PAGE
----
Taliban Attack Unarmed Afghan Police
Yahoo News/The Christian Science Monitor
June 25, 2007

KANDAHAR, Afghanistan - Col. Muhammad Hussein could not hide his frustration with the new recruits.

It was the penultimate day of a 10-day training crash course for a rag-tag batch of auxiliary police. The fledgling Afghan government needs the new recruits to enforce the law amid a mounting guerrilla insurgency, and the men were far from ready for the mean streets of this former Taliban capital.

Colonel Hussein barked at one young man for not keeping his red simulation weapon trained on a suspect vehicle during a search exercise. But training difficulties were only half of the problem. Today, Hussein says, there is no guarantee the cash-strapped state will be able to replace the recruit's fake gun with a real one.

"The real threat is now against [the police]," says Hekmat Karzai, head of the Kabul-based Center for Conflict and Peace Studies, which focuses on security and terrorism analysis. "Strategically, it makes sense to attack Afghan security forces where morally it gives people a complex about whether it is worth joining."

The growing strength of the Afghan National Army, which has inflicted heavy casualties against the Taliban this year with robust NATO support and improved training and equipment, has prompted a resurgent Taliban to target the poorly equipped police officers, who each receive only slightly more than half a soldier's pay.

Meanwhile, the lack of funds has left the police virtually empty-handed in the fight against guerrillas armed with heavy weapons such as mortars and rocket-propelled grenades, says Interior Ministry spokesman Zemarai Bashary.

The Taliban's hit-and-run tactics have killed more than 300 police in the last three months, according to the Interior Ministry, making this the worst year ever for police casualties.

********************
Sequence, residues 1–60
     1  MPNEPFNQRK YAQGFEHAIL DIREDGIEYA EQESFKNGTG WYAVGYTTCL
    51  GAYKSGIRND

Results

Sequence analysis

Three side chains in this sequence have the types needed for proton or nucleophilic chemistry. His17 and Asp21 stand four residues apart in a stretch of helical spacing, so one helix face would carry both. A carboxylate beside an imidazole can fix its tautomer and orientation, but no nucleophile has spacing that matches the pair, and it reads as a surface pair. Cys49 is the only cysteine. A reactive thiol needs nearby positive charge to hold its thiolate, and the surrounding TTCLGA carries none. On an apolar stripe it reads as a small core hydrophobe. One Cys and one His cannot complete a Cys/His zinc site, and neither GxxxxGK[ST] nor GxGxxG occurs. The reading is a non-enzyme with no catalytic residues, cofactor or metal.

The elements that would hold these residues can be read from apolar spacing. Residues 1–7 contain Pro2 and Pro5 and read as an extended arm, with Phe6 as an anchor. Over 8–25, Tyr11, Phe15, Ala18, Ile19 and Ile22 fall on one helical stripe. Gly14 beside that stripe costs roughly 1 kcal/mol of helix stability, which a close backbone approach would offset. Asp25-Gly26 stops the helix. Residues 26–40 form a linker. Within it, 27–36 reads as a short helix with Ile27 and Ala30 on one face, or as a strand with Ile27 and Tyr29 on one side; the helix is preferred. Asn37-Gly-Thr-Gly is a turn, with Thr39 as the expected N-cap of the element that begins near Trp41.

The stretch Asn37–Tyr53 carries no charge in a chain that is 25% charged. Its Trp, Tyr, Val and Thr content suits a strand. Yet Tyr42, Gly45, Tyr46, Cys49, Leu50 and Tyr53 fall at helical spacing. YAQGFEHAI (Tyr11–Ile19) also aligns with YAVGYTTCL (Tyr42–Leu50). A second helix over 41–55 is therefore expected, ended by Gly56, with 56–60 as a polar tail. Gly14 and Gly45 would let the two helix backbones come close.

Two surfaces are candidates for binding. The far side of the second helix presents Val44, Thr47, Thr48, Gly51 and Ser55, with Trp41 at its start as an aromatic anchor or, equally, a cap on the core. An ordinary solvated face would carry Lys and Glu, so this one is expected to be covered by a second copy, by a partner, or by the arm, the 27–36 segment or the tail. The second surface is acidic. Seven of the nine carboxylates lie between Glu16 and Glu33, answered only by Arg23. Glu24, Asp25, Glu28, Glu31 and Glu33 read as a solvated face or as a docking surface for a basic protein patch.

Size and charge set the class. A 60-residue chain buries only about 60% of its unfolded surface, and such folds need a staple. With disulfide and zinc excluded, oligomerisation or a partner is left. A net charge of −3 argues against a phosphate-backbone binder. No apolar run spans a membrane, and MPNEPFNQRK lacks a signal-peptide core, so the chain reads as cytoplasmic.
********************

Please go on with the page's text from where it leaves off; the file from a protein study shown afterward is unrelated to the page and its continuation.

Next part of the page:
"What the police have to face them [with] are AK-47s, and, at the maximum, PKMs. That's it," Mr. Bashary opined, referring to a higher-caliber Soviet-made machine gun.

Critical posts in areas beyond the reach of multinational forces are harder to fill as a result, while many wearing a badge engage in graft and other criminal activities to make ends meet, eroding public faith.

In some districts with more than 100,000 people, there are just 25 to 30 police stretched thin by daily law enforcement demands – battling insurgents when necessary and lending a hand in drug eradication, something that makes them easy targets, say Afghan officials.

In what amounted to both a literal and symbolic blow to state authority, the June 17 bus bombing in the capital – the deadliest since the fall of the Taliban in 2001 – left at least 35 people dead on the doorstep of police headquarters – most of them police trainees.

In the span of one week earlier this month, a Taliban ambush in southern Zabul Province left 16 officers dead; a district police chief in eastern Paktika Province was killed when a roadside bomb exploded his vehicle; and militants attacked another officer's house in southern Ghazni Province and killed five members of his family, indicating the threat to relatives or those who cooperate with the police. Many officers have reported finding it difficult to return to their home villages because their police work has marked them as government sympathizers.